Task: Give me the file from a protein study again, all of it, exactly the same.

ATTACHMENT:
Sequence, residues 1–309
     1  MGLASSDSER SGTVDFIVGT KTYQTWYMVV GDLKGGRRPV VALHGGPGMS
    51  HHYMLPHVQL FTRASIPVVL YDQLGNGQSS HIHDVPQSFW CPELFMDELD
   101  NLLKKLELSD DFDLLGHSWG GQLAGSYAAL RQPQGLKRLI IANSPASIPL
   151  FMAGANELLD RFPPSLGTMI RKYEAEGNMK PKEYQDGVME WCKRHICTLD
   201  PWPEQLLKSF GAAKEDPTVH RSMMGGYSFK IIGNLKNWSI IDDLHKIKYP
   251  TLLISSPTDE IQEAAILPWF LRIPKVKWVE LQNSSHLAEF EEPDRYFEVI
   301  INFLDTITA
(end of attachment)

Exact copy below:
Sequence, residues 1–309
     1  MGLASSDSER SGTVDFIVGT KTYQTWYMVV GDLKGGRRPV VALHGGPGMS
    51  HHYMLPHVQL FTRASIPVVL YDQLGNGQSS HIHDVPQSFW CPELFMDELD
   101  NLLKKLELSD DFDLLGHSWG GQLAGSYAAL RQPQGLKRLI IANSPASIPL
   151  FMAGANELLD RFPPSLGTMI RKYEAEGNMK PKEYQDGVME WCKRHICTLD
   201  PWPEQLLKSF GAAKEDPTVH RSMMGGYSFK IIGNLKNWSI IDDLHKIKYP
   251  TLLISSPTDE IQEAAILPWF LRIPKVKWVE LQNSSHLAEF EEPDRYFEVI
   301  INFLDTITA